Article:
Isamu Noguchi with News, Associated Press Building, New York, 1938-40
Akari Lights in Robert Wilson’s installation of Isamu Noguchi: Sculptural Design at the Design Museum, 2001
Stage set elements from Judith (1950) choreographed by Martha Graham in Robert Wilson’s installation of Isamu Noguchi: Sculptural Design at the Design Museum, 2001
Stage set elements from Herodiade (1944) choreographed by Martha Graham in Robert Wilson’s installation of Isamu Noguchi: Sculptural Design at the Design Museum, 2001
Isamu NoguchiDesigner + Sculptor (1904-1988)
Design Museum Collection
ISAMU NOGUCHI (1904-1988) was an American-Japanese designer who originally trained as a sculptor and brought a sculptural sensibility to everything he created: lighting, furniture, gardens and stage sets.
At a time when it’s commonplace to talk of the blurring of boundaries between cultural disciplines and of designers acting out the roles of artists, artisans and technologists, or vice versa; it’s hard to appreciate quite how radical Isamu Noguchi (1904-1988) must have seemed when he combined those roles back in the early 1930s.
If Noguchi had to be described as being any one thing it would have to be as a sculptor. He studied sculpture after dropping out of medical school in late 1920s New York and then in Paris as an assistant to Constantin Brancusi. For the rest of his life, Noguchi applied his sculptural sensibility to everything he created: from his mulberry paper Akari lights and Martha Graham’s dance sets, to the mass-manufactured Zenith Radio Nurse and the stone gardens he landscaped at UNESCO’s Paris headquarters and Lever House in New York.
The blurring of boundaries in Isamu Noguchi’s work mirrored his personal history: a fusion of his Japanese father’s Asian heritage and the American modernity of his Californian mother. His parents met after his father, the Japanese poet Yonejiró (Yone, for short) Noguchi, arrived in Los Angeles in the early 1900s at a time when it was fashionable for Japanese intellectuals to live in the US. He placed a newspaper ad for a translator which was answered by a young writer, Leonie Gilmour. She became pregnant but, by the time of the birth, Yone was back in Japan.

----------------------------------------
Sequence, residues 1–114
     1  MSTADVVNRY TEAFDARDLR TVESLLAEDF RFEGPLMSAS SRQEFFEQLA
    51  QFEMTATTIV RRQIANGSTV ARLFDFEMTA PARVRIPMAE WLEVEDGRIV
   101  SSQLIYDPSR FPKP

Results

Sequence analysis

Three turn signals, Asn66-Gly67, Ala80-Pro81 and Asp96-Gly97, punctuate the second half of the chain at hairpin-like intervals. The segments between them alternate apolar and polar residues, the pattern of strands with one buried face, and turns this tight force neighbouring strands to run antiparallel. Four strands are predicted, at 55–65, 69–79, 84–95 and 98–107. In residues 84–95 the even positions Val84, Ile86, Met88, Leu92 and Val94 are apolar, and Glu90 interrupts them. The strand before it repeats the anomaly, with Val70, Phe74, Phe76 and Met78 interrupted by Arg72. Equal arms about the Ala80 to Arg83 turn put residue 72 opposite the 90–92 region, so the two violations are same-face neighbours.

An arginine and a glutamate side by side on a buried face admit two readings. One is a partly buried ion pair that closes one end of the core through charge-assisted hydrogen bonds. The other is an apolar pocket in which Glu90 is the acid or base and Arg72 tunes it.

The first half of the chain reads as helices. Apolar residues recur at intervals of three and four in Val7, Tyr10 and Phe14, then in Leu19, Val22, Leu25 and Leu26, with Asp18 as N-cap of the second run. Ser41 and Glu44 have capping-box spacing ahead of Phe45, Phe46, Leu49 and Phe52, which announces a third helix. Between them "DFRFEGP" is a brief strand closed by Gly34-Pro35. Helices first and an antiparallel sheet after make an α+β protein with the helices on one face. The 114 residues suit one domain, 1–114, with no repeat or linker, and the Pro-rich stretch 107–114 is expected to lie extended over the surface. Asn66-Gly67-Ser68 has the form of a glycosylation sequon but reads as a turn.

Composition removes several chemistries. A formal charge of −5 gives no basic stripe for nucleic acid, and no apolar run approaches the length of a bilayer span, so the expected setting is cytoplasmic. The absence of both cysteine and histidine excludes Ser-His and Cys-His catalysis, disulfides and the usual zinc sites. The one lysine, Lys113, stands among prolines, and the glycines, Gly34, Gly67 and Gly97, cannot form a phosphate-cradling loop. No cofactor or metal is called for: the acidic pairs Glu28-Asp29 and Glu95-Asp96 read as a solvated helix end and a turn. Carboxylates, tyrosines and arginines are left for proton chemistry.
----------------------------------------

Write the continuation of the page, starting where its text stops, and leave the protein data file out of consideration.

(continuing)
Their son, Isamu, was born in Los Angeles in 1904 and lived there with his mother for two years until she took him to join Yone in Tokyo. Once besotted by the West, Yone now loathed it and was far from sanguine at the arrival of his American lover and their illegitimate son. Soon they split up, and Leonie moved from Tokyo to the seaside town of Õmori. At the age of 14, Isamu was sent back to the US to enrol at an international school in Indiana. He graduated from high school as ‘Sam Gilmour’ and won a place to study medicine at Columbia University.
Once at Columbia, he realised that his future lay in sculpture. He dropped out of medical school and renamed himself Isamu Noguchi. Three years later, he won a Guggenheim Fellowship to study in Paris, where he assisted Brancusi. After a brief return to New York in 1929, Isamu set off on his travels again to Paris, then Beijing and, finally, Tokyo, for what he hoped would be a happy reunion with Yone.
Fiercely nationalist and still ambivalent about his half-American son, Yone was barely courteous, but he did introduce Isamu to fellow writers and artists. Isamu sought solace in Kyoto, where he became enthralled by the exquisite simplicity of the ancient Buddhist rock gardens. Although he would continue to travel to Japan and eventually married a Japanese woman (the movie star, Yamaguchi Yoshiko) Noguchi lost his illusions about ever being accepted there. Years later he wrote of the Chinese-American artist, Li-Lan, that: "in the same way as I do she belongs to that increasing number of not exactly belonging people".
Far from being squashed by "not exactly belonging", Noguchi made the most of it. Back in New York in the mid-1930s, he discovered the social cachet of being a charming, cultured, rather exotic Japanese-American. His sculpture was commissioned by wealthy collectors and in 1935, he began a 30 year collaboration designing stage sets for the choreographer, Martha Graham. He then ventured into industry with the 1937 Zenith Night Nurse, an intercom in the elegant form of a Japanese mask.